Effects

Crystal meth is highly addictive and just the first use gets people hooked for years. It is very concentrated, and though it gives people an unimaginable pleasure, they begin their downward spiral in life. Many users have reported getting addicted the very first time they used it. And as with other drugs Meth gives its users that that first feeling of euphoria, but begins to systematically alter their brain and bodily functions until they are no longer in control.

It is a dangerous and potent poison that first acts as a stimulant then begins to destroy the body. People addicted to Meth have debilitating health conditions, including brain damage resulting in memory loss, psychotic behaviour, aggression and acute heart conditions. Meth also uses up the body’s resources, creating a severe dependency on the drug.

Abusing these stimulants can also cause other serious health complications like, convulsions, severe tooth decay, heart diseases and even stroke.

Unfortunately, Meth happens to be one of the hardest drug addictions to treat and as a result many have died unable to wiggle themselves out of its potent clasp.

Why Do A Drug Test For Meth?

Employers use drug tests to make hiring decisions. You may need to be tested for meth and other drugs if your new job requires it. Also, even if you don’t use amphetamines, you may still be required to take the amphetamine test as a condition for continued employment.

People in professional sports may are also be subjected to random drug tests every once in a while to keep them on the right track, or qualify them to join a team.

Federal employees are also required to take mandatory drug tests. Federal authorities raised the required concentration for some drugs including morphine, methamphetamine among others to reduce the number of false positives.

Probation and parole officers administer drug tests to monitor whether someone being treated for drug use or a parolee is complying with the conditions of their probation and parole.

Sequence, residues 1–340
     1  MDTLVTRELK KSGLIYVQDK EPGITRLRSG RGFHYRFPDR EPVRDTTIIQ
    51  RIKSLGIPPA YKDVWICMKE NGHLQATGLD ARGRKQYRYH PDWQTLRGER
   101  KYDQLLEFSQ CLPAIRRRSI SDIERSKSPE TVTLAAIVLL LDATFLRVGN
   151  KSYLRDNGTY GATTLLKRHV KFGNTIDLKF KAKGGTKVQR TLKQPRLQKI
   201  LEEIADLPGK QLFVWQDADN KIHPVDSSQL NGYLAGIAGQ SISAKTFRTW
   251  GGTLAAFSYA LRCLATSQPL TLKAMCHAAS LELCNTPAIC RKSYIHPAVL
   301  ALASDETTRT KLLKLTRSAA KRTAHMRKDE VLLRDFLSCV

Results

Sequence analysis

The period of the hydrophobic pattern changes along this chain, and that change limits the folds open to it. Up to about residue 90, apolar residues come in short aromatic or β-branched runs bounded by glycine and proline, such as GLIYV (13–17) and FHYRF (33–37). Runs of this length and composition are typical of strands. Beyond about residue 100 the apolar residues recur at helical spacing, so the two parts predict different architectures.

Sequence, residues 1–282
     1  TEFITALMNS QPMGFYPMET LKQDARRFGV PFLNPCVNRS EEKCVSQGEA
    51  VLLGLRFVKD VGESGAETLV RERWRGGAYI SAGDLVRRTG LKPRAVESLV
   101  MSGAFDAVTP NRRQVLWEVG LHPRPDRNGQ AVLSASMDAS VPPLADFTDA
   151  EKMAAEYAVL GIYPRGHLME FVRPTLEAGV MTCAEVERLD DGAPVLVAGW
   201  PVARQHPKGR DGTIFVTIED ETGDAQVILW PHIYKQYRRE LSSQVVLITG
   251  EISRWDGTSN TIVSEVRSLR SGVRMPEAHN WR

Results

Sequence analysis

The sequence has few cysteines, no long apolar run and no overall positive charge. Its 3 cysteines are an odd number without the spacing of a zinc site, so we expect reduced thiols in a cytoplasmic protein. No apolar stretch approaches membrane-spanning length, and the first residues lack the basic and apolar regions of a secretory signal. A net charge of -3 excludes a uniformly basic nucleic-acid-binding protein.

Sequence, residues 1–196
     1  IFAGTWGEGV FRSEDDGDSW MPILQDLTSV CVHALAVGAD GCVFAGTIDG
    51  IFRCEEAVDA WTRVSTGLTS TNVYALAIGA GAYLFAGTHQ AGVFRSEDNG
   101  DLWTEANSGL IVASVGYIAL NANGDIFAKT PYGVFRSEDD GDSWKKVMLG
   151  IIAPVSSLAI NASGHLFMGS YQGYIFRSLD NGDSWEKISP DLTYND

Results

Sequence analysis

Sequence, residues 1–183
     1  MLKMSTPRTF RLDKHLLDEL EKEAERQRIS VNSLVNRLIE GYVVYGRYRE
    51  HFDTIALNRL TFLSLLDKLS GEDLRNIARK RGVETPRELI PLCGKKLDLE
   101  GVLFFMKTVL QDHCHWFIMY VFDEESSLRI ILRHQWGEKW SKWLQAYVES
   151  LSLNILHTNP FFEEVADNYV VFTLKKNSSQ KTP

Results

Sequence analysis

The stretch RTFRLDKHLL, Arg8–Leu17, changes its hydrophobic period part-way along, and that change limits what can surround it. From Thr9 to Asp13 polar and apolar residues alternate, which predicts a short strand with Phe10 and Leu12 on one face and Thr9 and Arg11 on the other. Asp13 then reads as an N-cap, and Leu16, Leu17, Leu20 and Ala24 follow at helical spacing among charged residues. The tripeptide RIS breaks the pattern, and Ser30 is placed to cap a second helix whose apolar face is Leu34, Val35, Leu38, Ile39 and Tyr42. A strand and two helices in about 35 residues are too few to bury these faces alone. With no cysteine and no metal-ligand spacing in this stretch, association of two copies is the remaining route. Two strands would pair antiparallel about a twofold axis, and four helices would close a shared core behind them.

Court systems often require these tests to be conducted on recovering drug users, and parolees during their day in court.

Alcohol and drug abuse treatment programs conduct mandatory tests to evaluate the compliance of their patients and their adherence to the treatment plan. Indeed, a drug test is the first step to helping a meth addict on the recovery path.

Healthcare providers order drug tests for patients exhibiting symptoms of Amphetamine overdose such as psychosis and severe agitation. These tests include an ECG, acetaminophen test, and finger stick blood sugar test.

However, in as much as fast, inexpensive drug tests for meth are admissible, whether for personal or professional reasons, including home-based tests; tests that are not positive are still considered inadequate. This also applies to professional amphetamine screening.

Amphetamine Screening: What is this test?

Meth drug testing involves a biotic testing of specimen from a person’s body to detect if they have traces of methamphetamine metabolites. The following samples can be used for testing:

  • Urine
  • Blood
  • Saliva
  • Hair Follicle

Amphetamine, methamphetamine or meth is a central nervous system stimulant. These tests are able to reveal just how much this group of drugs are in a person’s blood.

This test can also differentiate between recreational use and prescription use.

Meth Detection Period

Meth detection period refers to the time it takes for the drug to be detected when a drug test is administered on a biological specimen. This period is usually dictated by factors such as the amount of meth ingested, the frequency, the class of the drug, the age of the user and their overall health.

For instance, a urine methamphetamine drug test will take between 3 to 5 days to be detected. Blood and saliva methamphetamine screening will be detected within 12 hours of use. Hair follicle test of the same methamphetamine takes longer, even up to 90 days to be detected.